Guest editorial by Roel Schouwenberg
As Dancho Danchev pointed out, the BBC leased itself a botnet. I couldn't quite believe it when I read it. The BBC, arguably one of the very best TV producers in the world, surely should have known better? There are so many things wrong about this that I hardly know where to start.
Firstly, given their figures, they seem to have spent quite an amount of money purchasing the botnet. Regardless of how much the total sum was, they sponsored the underground economy. Paying money to criminals (for illegal goods) is not only unethical but also considered illegal in most countries. The BBC broke the law right there and then already, not when they actively started using the botnet.
Secondly, their usage of the botnet. Again, this is not just unethical but also illegal. It's unlikely that the BBC purchased a botnet of which all machines were located in the UK. They had not only to think about their own local laws, but also international laws. Though I'm inclined to believe they broke UK law, they definitely broke laws for countries such as the Netherlands. Did they check the geographical locations of all the infected machines before purchase? Unlikely.
Thirdly, we have the BBC's claim of the so called 'destruction' of the botnet. Changing wallpapers does not destroy a botnet. In this particular case, the only/most likely destruction of the botnet would have been by giving all the bots an uninstall command. Though certainly not all bots have such a command built-in. Playing devil's advocate, I could argue that if they went as far as changing the wallpapers, then what stopped them from having all the bots download some 'cleaner' utility that would remove the bot? Let it be clear though that I would have strongly condemned such action.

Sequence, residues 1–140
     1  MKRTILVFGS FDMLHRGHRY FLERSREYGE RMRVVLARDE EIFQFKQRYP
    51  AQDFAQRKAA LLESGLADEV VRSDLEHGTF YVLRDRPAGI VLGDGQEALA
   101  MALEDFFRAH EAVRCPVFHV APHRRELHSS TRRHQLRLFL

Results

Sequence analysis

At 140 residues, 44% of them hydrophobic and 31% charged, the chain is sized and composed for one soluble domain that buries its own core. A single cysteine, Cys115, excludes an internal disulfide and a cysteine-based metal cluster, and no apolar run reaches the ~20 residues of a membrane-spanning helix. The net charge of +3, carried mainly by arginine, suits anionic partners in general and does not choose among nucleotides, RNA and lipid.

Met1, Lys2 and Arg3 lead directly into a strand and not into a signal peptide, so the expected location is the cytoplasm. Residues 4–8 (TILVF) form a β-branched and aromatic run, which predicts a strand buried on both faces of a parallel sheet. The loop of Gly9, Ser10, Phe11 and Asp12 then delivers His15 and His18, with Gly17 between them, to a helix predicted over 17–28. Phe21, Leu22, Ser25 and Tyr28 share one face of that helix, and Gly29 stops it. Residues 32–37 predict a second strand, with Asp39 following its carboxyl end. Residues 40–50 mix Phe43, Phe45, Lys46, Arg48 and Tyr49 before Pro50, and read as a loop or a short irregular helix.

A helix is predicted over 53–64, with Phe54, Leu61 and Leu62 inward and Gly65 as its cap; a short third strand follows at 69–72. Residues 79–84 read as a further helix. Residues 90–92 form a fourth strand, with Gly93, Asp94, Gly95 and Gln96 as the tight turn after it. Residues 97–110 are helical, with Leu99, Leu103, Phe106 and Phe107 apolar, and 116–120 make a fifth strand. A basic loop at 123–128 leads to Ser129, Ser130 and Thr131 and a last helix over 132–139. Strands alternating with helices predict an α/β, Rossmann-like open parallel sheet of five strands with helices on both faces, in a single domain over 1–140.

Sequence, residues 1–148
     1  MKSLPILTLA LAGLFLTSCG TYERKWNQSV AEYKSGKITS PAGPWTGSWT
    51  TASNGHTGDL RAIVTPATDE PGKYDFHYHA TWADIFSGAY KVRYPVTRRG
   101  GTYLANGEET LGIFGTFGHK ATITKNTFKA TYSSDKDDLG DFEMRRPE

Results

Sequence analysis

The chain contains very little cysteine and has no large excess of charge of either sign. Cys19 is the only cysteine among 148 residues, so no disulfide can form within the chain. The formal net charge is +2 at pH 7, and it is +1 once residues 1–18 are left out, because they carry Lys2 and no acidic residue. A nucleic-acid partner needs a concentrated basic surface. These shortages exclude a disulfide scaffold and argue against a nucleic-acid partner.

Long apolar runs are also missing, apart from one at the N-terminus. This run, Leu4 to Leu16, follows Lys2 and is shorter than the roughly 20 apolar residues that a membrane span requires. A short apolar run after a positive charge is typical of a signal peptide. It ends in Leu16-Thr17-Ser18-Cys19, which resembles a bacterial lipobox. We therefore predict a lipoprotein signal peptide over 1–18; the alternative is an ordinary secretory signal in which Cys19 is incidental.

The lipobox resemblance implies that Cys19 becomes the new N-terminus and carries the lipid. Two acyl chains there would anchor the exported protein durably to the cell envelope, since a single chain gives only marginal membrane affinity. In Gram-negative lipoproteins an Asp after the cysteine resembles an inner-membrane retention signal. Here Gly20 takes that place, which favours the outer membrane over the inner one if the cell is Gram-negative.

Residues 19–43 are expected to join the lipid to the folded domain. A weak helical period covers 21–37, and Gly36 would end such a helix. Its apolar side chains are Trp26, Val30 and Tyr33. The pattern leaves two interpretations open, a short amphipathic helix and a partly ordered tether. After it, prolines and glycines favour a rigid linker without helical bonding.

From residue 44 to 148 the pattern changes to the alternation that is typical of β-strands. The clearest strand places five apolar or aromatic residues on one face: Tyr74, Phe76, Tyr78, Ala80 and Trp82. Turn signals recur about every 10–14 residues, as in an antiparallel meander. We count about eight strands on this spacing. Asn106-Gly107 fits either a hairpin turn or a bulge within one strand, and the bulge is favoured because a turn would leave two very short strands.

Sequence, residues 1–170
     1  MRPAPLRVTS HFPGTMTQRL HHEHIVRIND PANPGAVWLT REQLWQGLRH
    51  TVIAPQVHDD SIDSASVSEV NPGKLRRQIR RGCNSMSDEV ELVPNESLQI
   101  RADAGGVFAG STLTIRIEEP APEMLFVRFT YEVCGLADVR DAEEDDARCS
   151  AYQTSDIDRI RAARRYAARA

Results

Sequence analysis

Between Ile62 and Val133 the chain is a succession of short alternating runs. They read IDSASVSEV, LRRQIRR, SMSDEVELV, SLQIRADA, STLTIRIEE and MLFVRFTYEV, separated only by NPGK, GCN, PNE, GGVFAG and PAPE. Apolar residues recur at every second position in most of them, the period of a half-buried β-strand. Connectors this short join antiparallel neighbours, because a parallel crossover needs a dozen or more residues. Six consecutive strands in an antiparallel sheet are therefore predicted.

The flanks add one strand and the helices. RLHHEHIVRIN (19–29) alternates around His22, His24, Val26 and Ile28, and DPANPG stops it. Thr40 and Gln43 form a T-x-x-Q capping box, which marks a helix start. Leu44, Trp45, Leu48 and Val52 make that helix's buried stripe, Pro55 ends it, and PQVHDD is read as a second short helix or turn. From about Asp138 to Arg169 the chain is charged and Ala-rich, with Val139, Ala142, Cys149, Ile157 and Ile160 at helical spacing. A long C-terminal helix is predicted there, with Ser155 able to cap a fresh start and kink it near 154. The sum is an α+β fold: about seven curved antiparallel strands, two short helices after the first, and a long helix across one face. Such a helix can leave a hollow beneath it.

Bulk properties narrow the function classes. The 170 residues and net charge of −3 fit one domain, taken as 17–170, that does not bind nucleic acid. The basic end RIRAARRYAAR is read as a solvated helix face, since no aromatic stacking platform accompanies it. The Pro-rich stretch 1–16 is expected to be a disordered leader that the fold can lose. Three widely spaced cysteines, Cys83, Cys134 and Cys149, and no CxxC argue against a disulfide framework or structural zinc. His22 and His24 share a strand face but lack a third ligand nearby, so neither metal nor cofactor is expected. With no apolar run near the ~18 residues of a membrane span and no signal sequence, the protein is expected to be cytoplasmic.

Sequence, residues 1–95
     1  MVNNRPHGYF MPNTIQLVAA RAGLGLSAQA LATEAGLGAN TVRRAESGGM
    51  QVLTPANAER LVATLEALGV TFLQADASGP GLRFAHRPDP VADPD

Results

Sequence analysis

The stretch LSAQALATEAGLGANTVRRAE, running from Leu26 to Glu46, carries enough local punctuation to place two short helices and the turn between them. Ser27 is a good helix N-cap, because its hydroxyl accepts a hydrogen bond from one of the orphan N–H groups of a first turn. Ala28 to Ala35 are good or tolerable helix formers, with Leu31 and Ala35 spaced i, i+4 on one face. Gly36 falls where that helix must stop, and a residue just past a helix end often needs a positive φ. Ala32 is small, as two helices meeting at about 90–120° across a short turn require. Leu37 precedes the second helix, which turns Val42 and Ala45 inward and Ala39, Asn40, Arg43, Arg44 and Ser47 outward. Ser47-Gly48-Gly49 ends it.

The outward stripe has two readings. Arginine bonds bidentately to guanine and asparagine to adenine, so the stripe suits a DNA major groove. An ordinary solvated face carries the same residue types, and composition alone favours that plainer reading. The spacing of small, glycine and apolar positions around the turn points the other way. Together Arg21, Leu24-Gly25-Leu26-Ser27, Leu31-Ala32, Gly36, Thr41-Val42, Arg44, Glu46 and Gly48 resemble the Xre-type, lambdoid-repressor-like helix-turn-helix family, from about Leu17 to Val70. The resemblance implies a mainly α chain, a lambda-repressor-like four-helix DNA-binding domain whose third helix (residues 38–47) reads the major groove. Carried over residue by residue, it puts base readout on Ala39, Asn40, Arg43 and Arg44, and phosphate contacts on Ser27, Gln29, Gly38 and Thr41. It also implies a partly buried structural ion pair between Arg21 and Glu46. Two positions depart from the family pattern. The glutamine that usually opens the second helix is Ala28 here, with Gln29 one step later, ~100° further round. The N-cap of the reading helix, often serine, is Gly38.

Fourthly, why did the BBC bother GMail with their spam ‘test’? Surely they could have just as easily used the BBC’s mail server? Theoretically it should be possible for Google to claim abuse of their services by the BBC. Wouldn’t that be fun?
Fifthly, the thing that probably bothers me most. They actually had an Internet security company helping them out during a part of the process! This means that at least part of this ‘experiment’ could have been stopped prematurely, if not all of it if they were contacted before the BBC purchased the lease to the botnet. It’s beyond me that this company would let this moment of (bad) publicity go before ethics. It’s not only a disgrace to them but it affects the broader anti-malware community as well. McAfee, on the other hand, was very quick to distance itself from the BBC’s actions.
This case is actually nothing new and simply another example of a bigger issue. A few months ago, a Dutch publication hired a ‘security expert’ to write a backdoor. Some 15,000 machines got infected by it and were subsequently used to brute force the e-mail account of someone in the Dutch government. The BBC is neither the first nor the last to conduct this kind of act.
It will certainly come as no surprise that the vast majority of anti-malware vendors will be happy to advise magazines and TV stations about how to handle related to (anti-)malware. But, as this case illustrates, not all vendors have an equal set of ethical standards. One way to fix this problem is to contact a person or company who has a good tradition of ethical standards. Another is to simply contact a couple of people or companies. You could even contact the Anti-Malware Testing Stardards Organization (AMTSO). While focused on anti-malware testing, I think I speak for the entire group that the anti-malware industry and others involved want to do whatever they can to prevent mishaps like these to occur again in the future.
I certainly hope the involved parties have learnt their lesson and will not repeat this act of incompetence again.
* Roel Schouwenberg is a senior anti-virus researcher for Kaspersky Lab (Disclosure: Ryan's employer). He is a member of the company’s Incident Response & Research Team and focuses on attacks targeting banks and other financial institutions.